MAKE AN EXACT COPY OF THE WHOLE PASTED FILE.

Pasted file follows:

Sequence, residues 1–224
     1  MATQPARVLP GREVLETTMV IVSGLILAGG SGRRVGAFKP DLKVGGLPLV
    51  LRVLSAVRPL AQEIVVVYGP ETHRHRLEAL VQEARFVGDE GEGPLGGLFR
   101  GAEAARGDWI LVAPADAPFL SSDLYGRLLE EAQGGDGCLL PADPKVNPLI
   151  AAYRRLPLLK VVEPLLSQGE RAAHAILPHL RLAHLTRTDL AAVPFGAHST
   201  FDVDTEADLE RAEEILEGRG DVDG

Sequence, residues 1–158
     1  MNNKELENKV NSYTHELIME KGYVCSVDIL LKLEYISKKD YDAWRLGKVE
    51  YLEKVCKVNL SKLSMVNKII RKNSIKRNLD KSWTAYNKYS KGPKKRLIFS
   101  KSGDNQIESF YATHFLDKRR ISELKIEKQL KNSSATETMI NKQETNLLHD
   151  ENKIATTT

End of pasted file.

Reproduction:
Sequence, residues 1–224
     1  MATQPARVLP GREVLETTMV IVSGLILAGG SGRRVGAFKP DLKVGGLPLV
    51  LRVLSAVRPL AQEIVVVYGP ETHRHRLEAL VQEARFVGDE GEGPLGGLFR
   101  GAEAARGDWI LVAPADAPFL SSDLYGRLLE EAQGGDGCLL PADPKVNPLI
   151  AAYRRLPLLK VVEPLLSQGE RAAHAILPHL RLAHLTRTDL AAVPFGAHST
   201  FDVDTEADLE RAEEILEGRG DVDG

Sequence, residues 1–158
     1  MNNKELENKV NSYTHELIME KGYVCSVDIL LKLEYISKKD YDAWRLGKVE
    51  YLEKVCKVNL SKLSMVNKII RKNSIKRNLD KSWTAYNKYS KGPKKRLIFS
   101  KSGDNQIESF YATHFLDKRR ISELKIEKQL KNSSATETMI NKQETNLLHD
   151  ENKIATTT